And according to H.R. Shiever, managing director of Citrix Online Asia Pacific, the shift towards telecommuting is likely to continue as the decade wears on.
Shiever cited a 2007 IDC report that forecast nearly 75 percent of the U.S. workforce and 1 billion workers around the world, would be classed as mobile by 2011.
He used the term “Web commuting” to describe what he said is the next generation of telecommuting, in which telephone communications are enhanced by Web use.
“Telecommuting is a bit of an outdated term that encompasses older technologies, and Web commuting is the next generation of that, which enables individuals and companies to embrace collaboration and things driven by the ubiquity of the Internet,” he said.
“We’re seeing a lot of companies in Australia and New Zealand embrace Web commuting and I think this isn’t a trend that’s going to stop; I don’t see any obstacles to this continuing,” he said.
Web commuting offers workers added convenience, a more flexible work-life balance, cost savings and the ability to collaborate with international teams.
In addition, Shiever expects a global uptake of the technology to have knock-on environmental effects by potentially reducing peak hour traffic and the need for long-distance travel to business meetings.
“We’re seeing a lot of employees from all segments adopt this kind of technology and we’re seeing a lot of employers from all segments adopt this kind of technology,” he said.
Simon Lynch, who is the national director of technology at recruitment agency Michael Page International, is skeptical.
“There are certain positions that it [telecommuting] works well for and there are others for which it might be more problematic,” he said.
“It [the IDC forecast] seems like an ambitious number to me, but anything is possible.”
Lynch explained that that whether a job lends itself to a mobile workforce depends on the position, the employer, and the personal preferences of individual employees.
While Web commuting might be effective for independent work, Lynch expects it to be less practical for team-based tasks, or for working with large amounts of confidential information.
Employees who work from home might also be more difficult to manage than employees based in-house, he speculated.
But according to Citrix Online’s Shiever, the move towards a more mobile workforce may be inevitable.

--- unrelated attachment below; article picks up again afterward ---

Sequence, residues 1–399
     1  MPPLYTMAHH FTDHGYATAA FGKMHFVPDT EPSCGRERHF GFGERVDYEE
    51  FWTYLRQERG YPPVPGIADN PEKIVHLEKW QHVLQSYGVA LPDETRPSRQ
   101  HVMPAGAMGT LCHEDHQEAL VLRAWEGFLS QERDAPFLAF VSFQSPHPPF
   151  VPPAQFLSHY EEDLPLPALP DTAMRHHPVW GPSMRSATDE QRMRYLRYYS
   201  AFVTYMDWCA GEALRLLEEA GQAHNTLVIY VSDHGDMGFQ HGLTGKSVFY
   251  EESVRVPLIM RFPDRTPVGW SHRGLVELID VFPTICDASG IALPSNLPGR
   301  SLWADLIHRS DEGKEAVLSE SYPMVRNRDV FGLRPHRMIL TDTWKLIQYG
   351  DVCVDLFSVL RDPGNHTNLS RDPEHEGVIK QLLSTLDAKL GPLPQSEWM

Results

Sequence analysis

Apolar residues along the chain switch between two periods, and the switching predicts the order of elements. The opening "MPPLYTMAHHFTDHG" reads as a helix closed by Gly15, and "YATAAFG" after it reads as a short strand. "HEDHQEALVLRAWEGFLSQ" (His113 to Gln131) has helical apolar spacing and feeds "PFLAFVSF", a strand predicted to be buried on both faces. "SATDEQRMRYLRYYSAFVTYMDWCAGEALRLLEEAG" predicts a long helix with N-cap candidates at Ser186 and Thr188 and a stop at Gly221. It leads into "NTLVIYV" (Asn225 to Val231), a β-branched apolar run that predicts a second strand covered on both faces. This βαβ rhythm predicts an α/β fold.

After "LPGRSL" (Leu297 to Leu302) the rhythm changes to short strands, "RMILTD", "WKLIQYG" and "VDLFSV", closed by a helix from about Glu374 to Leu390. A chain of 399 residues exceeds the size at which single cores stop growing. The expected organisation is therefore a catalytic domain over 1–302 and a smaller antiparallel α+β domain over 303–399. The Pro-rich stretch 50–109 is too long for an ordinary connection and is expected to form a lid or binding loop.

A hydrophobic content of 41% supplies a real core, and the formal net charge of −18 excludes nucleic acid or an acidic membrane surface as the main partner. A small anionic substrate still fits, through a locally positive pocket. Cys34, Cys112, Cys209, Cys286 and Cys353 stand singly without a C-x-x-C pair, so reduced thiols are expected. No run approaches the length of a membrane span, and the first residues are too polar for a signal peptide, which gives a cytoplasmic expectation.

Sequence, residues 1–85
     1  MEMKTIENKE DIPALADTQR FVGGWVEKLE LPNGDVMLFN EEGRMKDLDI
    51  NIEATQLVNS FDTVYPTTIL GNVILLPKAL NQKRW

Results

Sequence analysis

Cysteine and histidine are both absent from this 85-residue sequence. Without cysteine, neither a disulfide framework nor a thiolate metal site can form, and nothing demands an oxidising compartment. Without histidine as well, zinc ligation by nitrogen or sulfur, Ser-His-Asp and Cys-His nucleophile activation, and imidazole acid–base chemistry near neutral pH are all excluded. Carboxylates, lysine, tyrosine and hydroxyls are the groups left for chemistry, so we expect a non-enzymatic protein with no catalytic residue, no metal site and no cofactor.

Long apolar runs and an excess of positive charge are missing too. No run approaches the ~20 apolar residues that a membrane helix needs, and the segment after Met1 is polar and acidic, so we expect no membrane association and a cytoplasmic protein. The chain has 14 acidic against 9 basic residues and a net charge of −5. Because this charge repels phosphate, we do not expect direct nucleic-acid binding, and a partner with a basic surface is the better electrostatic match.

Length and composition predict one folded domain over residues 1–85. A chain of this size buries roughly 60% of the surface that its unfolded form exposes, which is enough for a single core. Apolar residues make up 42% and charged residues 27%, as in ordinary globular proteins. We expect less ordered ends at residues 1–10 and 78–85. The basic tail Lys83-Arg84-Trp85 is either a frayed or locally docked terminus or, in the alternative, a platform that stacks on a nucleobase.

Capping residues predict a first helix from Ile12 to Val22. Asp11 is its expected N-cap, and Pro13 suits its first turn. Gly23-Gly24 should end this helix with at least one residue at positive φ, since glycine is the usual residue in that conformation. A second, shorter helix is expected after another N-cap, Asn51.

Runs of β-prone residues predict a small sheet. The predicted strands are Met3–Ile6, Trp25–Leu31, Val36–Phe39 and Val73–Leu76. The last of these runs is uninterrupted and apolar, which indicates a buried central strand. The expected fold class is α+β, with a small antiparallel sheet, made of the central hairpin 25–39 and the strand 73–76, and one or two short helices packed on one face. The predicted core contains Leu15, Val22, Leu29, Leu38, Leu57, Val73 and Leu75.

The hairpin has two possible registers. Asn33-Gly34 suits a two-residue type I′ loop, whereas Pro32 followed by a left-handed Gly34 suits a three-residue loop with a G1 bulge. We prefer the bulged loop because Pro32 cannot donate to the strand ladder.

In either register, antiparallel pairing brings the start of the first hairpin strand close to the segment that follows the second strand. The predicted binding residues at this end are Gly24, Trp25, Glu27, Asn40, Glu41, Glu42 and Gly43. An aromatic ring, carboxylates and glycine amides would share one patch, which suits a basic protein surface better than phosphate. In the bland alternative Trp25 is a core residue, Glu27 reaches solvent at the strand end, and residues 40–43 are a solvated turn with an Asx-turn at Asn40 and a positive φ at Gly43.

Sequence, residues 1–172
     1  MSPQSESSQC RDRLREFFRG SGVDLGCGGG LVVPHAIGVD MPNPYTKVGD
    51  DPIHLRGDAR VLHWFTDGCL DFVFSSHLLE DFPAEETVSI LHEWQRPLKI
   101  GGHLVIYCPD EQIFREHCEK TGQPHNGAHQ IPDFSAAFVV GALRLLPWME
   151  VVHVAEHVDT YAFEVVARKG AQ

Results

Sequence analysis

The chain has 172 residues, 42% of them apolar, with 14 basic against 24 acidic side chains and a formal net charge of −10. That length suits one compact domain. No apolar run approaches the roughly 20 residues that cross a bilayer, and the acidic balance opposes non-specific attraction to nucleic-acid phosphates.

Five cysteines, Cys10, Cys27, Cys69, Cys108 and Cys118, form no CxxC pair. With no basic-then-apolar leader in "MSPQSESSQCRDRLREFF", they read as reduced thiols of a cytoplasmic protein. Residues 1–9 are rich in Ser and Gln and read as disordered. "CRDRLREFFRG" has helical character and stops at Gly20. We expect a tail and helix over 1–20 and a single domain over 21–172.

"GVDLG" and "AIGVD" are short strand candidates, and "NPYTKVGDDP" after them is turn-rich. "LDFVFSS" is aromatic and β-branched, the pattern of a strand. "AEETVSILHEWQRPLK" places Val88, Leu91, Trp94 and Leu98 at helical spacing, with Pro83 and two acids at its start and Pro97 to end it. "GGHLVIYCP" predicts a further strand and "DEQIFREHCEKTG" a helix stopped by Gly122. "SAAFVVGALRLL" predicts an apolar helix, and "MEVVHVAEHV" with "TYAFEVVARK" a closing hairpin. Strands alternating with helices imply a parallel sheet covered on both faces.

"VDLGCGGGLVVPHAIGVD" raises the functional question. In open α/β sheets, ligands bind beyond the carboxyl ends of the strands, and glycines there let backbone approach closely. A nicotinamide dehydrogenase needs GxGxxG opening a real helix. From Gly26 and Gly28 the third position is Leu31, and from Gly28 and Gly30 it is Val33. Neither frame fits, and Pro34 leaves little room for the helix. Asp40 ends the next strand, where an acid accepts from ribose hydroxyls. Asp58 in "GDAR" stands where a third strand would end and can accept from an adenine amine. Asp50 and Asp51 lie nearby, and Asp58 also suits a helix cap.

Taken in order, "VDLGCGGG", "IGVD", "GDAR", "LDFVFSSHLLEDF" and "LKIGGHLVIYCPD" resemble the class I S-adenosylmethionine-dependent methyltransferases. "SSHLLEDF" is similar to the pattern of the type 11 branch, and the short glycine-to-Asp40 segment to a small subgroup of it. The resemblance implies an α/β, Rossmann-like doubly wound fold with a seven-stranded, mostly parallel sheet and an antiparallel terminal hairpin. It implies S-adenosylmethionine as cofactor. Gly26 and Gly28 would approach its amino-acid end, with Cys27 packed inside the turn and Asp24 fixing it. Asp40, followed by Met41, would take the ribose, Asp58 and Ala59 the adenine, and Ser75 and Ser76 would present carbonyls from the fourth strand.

An estimated 30 percent of the Australian workforce is currently comprised of Generation Y employees who, Shiever said, expect flexible, technologically-enabled work arrangements.
“The Net-native, Gen Y workers are forming an increasingly large portion of the workforce,” he said.
“They are going to demand more flexible working anyway; that’s just a part of the way that they work and the way that they are productive. I think that this is a trend you’re just going to see happen.”
And according to Bob Olivier, director of specialist recruitment firm Olivier Group, a long-standing skills shortage in Australia could mean that workplaces might have to meet workers’ demands.
“Given the technology is so much better than even two years ago and that the skills shortage is still so severe, I’m surprised it’s [Web commuting] not more commonplace,” Olivier said.
All Olivier group managers are equipped with laptops, which enables them to work from home. The firm’s work-from-home arrangements are particularly helpful to working mothers, Olivier said.
But newly hired workers shouldn’t expect to work from home right away, Olivier said, explaining that it is necessary for staff to establish a trusting relationship with their employers before they are able to telecommute.
“As a recruiter, we don’t see too many instances of telecommuting arrangements offered up front as typically hiring managers want to build trust first,” he said. “It is however more common to see employers offer this to trusted and long term employees, often to women coming back from maternity leave.”
Can Web commuting end the skills shortage?
By Liz Tay on Mar 11, 2008 3:27PM